Telecom Italia, the debt-laden former public utility at the centre of a fierce row between its former chief executive and prime minister Romano Prodi, was once again all over Italy's front pages this week. This time it is the epicentre of a large-scale investigation into illegal wiretaps.
The tapping of the telephones of important people believed to be up to no good has played a vital role in Italy's national life in recent years, exposing croneyism and corruption in the Bank of Italy and Serie A football, to name the two most prominent cases this year. Wiretaps were also crucial in the prosecution for corruption of Silvio Berlusconi's close friend and lawyer Cesare Previti, and the judges he was proved to have bribed.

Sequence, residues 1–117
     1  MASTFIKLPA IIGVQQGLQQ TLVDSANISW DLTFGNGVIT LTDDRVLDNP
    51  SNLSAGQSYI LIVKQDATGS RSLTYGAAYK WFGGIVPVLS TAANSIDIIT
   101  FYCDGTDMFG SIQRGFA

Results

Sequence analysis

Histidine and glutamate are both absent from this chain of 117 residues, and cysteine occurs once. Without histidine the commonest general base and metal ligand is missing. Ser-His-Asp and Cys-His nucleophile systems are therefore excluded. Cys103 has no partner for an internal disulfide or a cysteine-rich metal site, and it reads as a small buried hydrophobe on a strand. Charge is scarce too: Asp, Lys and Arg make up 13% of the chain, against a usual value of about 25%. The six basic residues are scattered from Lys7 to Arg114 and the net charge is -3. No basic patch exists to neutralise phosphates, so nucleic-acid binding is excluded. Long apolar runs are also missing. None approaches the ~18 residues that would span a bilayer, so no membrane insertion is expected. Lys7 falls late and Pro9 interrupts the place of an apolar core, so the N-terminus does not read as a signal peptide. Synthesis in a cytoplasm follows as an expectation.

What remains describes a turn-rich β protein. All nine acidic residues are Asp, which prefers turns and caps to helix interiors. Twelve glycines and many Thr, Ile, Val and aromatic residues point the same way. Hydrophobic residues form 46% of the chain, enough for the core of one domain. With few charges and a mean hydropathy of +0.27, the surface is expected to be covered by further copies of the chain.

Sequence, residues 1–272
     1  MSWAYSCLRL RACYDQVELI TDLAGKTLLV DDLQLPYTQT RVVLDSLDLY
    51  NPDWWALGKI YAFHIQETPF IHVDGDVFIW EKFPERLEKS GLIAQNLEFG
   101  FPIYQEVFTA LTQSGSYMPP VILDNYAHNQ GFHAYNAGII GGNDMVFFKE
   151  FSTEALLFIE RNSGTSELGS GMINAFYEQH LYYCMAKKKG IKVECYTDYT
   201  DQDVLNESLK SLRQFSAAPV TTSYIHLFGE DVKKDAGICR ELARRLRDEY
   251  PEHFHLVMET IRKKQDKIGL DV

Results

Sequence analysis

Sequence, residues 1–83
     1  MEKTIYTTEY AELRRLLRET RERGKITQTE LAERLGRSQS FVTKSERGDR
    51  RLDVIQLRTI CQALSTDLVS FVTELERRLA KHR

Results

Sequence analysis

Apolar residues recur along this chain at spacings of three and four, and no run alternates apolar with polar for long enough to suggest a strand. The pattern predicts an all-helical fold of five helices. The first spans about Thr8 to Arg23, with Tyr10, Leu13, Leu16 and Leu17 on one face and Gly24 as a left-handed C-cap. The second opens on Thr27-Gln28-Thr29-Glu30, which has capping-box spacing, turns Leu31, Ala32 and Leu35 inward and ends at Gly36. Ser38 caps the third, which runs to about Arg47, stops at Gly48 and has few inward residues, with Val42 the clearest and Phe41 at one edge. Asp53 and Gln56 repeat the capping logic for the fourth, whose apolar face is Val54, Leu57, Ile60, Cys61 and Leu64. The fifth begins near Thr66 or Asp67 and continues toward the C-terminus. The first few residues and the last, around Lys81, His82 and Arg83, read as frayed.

But amid claims that the phones of the great and powerful have been tapped for no good legal purpose, 20 people were arrested this week as part of an investigation into illicit wiretapping. Among those behind bars now are a former chief of security at Telecom Italia, Giuliano Tavaroli, and the head of a private investigation agency in Florence. Prosecutors in Milan are leading the investigation which is charged with finding whether privacy laws have been broken.
Among the rich and famous whose conversations were allegedly listened in to were Gilberto Benneton, brother of Luciano, the pullover man, Diego della Valle, founder and chief executive of Tod's shoes, Franco Carraro, former president of the Italian football federation, Calisto Tanzi, founder of Parmalat, the dairy firm that crashed with spectacular debts, and Enrico Bondi, the man sent in to put Parmalat together again.
And yesterday Justice Minister Clemente Mastella announced that he was opening an investigation into newspaper reports that whether officials in his ministry were involved in the case.Reuse content